4. In a regulator for steam boilers, the combination of a steam generator, a thermostatic fuel and water regulator responding to the temperature of the steam in the generator, a liquid fuel burning device controlled by said thermostatic regulator, liquid forcing means for supplying vaporiza le liquid to the generator, a. steam pressure .fuel and water regulator responding to the pressure of the steam in the generator, and operatively connected to the liquid fuel burning device for controlling its operation and operatively related to said liquid forcing means for automatically discontinuing the vaporizable liquid supply and liquid fuel supply upon a predetermined rise in the generator pressure. 4

5. A system for the control and regulation of the generation of steam for a steam power plant, consisting of a plurality of feeding devices for supplying water to the generator, electromagnetically-operated means for initiating the operation of one 'or more of said feeding devices, and thermostatically-operated means responsive to variations in generator conditions which control the operation of the electromagneticallyoperated means.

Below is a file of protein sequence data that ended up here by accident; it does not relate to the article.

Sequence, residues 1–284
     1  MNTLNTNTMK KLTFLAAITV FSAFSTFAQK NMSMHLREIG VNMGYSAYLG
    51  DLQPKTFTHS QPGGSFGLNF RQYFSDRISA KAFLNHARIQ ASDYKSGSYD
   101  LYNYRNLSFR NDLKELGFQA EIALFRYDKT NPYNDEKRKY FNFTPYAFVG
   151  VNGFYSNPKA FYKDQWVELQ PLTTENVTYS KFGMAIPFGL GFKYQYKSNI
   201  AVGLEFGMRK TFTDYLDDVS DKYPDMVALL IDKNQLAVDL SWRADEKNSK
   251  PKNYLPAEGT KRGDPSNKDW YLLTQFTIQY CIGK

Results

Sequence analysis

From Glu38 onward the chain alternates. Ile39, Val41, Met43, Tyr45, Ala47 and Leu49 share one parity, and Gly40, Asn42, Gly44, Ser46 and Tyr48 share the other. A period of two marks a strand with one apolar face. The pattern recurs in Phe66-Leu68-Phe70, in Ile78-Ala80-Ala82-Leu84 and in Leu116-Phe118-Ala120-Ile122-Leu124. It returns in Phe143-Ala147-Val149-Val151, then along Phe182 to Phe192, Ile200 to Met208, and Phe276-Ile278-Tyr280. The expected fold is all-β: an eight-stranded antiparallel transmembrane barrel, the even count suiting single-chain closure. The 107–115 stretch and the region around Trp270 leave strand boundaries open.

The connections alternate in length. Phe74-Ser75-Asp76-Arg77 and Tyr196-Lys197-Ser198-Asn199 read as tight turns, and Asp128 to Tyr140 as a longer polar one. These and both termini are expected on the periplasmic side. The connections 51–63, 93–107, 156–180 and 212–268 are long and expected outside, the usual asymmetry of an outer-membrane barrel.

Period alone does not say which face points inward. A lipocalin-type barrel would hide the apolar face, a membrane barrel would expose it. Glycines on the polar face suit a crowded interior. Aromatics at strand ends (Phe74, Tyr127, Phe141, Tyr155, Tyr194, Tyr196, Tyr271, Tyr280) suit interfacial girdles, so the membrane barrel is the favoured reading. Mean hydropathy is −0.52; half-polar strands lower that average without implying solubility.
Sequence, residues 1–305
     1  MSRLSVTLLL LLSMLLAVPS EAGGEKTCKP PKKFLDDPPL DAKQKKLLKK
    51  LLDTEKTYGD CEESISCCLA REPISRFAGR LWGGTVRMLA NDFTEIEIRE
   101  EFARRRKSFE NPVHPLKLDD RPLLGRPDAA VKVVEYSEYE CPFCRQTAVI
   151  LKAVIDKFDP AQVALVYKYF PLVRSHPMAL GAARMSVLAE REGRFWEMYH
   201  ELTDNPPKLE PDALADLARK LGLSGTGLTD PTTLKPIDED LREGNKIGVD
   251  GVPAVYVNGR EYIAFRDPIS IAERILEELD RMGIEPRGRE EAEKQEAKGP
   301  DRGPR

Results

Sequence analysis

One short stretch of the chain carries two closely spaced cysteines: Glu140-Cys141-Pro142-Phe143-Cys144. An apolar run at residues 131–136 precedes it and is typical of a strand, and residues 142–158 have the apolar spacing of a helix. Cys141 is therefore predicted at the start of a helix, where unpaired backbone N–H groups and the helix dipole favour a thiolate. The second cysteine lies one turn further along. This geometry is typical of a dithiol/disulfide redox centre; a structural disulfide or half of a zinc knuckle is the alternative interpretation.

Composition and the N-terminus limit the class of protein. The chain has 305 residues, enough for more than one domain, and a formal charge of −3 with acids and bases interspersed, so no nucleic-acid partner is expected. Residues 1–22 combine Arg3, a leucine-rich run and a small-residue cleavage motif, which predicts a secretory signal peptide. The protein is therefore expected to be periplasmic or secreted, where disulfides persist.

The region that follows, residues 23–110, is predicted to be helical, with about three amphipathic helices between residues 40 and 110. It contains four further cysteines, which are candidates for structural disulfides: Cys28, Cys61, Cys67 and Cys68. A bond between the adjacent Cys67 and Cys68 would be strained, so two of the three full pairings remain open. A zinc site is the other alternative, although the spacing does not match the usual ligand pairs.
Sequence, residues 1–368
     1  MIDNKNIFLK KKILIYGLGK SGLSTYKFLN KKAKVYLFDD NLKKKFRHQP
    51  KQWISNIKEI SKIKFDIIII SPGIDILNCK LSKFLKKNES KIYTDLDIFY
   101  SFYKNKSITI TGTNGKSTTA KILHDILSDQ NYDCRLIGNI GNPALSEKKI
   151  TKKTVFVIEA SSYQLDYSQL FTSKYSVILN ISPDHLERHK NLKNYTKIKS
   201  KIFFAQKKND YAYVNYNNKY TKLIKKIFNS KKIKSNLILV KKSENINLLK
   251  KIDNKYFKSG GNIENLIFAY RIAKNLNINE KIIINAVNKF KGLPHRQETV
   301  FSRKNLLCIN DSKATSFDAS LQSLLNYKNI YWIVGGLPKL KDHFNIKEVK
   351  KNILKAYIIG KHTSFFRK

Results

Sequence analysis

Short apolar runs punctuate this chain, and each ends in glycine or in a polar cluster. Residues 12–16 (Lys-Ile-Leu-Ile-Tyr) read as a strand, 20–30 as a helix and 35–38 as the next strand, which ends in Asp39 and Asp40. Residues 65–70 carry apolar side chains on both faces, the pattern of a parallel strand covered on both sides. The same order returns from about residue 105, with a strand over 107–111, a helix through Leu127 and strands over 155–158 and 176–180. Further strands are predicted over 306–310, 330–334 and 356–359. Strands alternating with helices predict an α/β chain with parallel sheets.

6. A system for the control and regulation of steam for a steam power plant, consisting of a plurality of feeding devices for supplying water to the generator, a source of fuel supply, means for feeding the fuel toa combustion chamber, an actuator, a thermostat, responsive to temperature variations of agenerator, for controlling the actuator, means connecting the actuator with each one of the plurality ofl water feeding devices whereby to bring the same into operation, and. means operated by the actuator to cut oif the fuel supply when the temperature is above that necessary to initiate the operation of all of the water feeding devices.